For the past quarter, our students have been studying ways to build community in times of emergency. The only communities we can effectively build in the coming weeks are probably online. The millions of people who have been in quarantine in China have been sharing their thoughts, fears, hopes, and even homestyle recipes in online forums. Young people have the ability to do amazing work with video blogs and chat rooms.
Community groups can start holding video conference calls, discussions, and mass webinar teach-ins. They can also provide services such as food and sanitizer deliveries and moral support to quarantined people. Facebook is no substitute for face-to-face networking, and I don’t think distance learning is half as educational as classroom teaching. But joining together online is a way to express love and caring for those who need to overcome fear and isolation.
One of our students from Japan, Koki Hiraguchi, presented his research project this week, on the ninth anniversary of the Tohoku earthquake and tsunami. He contrasted two Japanese schools that reacted differently in the critical 50 minutes between the quake and tsunami. In the “Miracle of Kamaishi,” the students took the lead in seeking higher ground, so all but a few “survived based on their own judgement, saving not only their own lives but also those of the adults around them.” They had drilled for disaster, did not believe the tsunami hazard maps, and “were taught to make decisions for themselves.”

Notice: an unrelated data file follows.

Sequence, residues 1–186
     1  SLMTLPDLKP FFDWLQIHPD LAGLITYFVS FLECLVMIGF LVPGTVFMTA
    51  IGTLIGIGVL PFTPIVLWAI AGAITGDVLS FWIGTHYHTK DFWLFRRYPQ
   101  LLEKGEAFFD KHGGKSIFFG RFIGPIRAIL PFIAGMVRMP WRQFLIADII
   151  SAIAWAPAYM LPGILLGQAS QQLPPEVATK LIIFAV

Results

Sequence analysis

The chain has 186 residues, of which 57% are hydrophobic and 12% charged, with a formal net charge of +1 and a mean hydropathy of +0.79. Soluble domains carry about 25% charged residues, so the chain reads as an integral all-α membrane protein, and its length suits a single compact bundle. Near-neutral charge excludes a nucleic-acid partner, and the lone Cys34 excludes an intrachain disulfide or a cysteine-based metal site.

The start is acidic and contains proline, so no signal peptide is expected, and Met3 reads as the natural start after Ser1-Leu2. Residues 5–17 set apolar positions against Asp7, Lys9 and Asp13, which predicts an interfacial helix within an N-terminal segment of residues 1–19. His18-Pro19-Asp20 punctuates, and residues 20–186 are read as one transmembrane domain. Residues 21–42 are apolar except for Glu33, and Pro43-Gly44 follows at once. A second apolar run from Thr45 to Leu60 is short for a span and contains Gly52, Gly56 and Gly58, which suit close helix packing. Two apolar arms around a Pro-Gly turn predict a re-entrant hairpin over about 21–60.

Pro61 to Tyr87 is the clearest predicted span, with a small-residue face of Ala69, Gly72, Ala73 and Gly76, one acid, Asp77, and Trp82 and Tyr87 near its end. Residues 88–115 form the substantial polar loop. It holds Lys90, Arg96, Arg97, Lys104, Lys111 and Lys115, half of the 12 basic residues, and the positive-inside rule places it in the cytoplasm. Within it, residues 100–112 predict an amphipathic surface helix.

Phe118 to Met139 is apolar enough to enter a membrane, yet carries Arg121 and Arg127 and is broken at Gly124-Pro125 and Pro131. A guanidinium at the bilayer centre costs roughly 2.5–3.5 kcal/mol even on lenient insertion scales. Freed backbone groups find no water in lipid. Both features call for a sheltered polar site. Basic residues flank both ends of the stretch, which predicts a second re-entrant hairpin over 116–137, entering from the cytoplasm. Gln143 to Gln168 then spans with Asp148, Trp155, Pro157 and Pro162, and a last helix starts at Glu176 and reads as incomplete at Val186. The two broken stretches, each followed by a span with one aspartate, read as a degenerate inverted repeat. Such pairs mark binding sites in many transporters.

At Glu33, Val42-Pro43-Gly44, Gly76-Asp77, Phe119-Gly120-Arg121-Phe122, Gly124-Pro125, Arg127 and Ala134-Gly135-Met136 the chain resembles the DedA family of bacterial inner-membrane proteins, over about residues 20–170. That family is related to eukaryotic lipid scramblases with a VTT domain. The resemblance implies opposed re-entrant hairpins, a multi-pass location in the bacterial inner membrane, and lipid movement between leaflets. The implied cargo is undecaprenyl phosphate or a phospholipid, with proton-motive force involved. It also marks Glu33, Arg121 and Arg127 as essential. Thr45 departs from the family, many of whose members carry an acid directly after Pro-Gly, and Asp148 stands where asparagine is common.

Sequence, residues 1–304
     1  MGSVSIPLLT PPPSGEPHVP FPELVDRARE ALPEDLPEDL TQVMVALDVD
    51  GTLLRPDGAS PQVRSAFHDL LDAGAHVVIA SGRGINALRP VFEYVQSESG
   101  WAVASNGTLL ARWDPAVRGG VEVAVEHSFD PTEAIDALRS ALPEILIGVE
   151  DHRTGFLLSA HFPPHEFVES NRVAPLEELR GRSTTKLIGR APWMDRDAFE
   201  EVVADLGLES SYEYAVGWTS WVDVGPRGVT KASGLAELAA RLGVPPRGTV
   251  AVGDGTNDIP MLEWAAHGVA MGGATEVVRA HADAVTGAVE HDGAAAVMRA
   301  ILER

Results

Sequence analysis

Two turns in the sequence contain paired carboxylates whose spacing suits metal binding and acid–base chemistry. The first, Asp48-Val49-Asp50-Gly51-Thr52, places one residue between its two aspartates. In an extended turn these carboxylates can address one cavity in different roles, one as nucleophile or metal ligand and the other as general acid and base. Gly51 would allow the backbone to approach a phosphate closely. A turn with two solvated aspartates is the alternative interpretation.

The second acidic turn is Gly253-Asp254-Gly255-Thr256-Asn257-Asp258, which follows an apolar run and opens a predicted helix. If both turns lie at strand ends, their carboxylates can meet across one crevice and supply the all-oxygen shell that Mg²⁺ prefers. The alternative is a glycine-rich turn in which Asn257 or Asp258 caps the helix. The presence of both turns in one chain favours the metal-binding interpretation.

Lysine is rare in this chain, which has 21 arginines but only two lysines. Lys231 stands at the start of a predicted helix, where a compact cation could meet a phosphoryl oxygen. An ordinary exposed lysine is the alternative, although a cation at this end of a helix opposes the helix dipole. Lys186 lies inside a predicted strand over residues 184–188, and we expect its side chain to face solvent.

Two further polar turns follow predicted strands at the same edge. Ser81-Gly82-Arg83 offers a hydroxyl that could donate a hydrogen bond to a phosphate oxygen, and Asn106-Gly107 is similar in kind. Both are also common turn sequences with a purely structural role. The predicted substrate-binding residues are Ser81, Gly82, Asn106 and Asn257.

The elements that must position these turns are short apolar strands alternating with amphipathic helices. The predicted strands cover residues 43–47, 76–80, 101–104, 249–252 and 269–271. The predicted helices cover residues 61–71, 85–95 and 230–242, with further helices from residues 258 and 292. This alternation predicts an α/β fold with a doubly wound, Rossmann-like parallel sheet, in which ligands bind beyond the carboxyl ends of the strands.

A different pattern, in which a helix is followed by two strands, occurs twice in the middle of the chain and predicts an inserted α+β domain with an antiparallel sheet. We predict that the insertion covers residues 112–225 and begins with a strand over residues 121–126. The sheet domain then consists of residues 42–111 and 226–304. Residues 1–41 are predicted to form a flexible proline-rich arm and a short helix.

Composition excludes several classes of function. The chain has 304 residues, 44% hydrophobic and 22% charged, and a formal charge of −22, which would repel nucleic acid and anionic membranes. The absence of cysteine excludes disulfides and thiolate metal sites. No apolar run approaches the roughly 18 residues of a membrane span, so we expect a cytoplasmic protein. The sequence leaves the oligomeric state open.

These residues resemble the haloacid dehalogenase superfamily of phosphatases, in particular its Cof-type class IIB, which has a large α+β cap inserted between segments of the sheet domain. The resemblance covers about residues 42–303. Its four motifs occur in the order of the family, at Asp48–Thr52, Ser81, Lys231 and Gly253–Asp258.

In the “Tragedy of Okawa,” teachers did not adequately prepare, believed the hazard maps, and ordered their students to evacuate to an area that was not high enough, so nearly all of them perished. This contrast reiterates some profound lessons we’ve learned from other disasters, from 9/11 to Katrina and María. Obedience to authority (and its existing procedures) can be fatal. Thinking flexibly for ourselves and creating community can improve our chances for survival and resilience.
Community resilience that emerges in response to the coronavirus crisis may become models to overcome the innate crisis of social isolation under capitalism. In this way, we would not only survive, but start thinking for ourselves, to pose real alternatives to the ideology that underpins this Trumpdemic.Print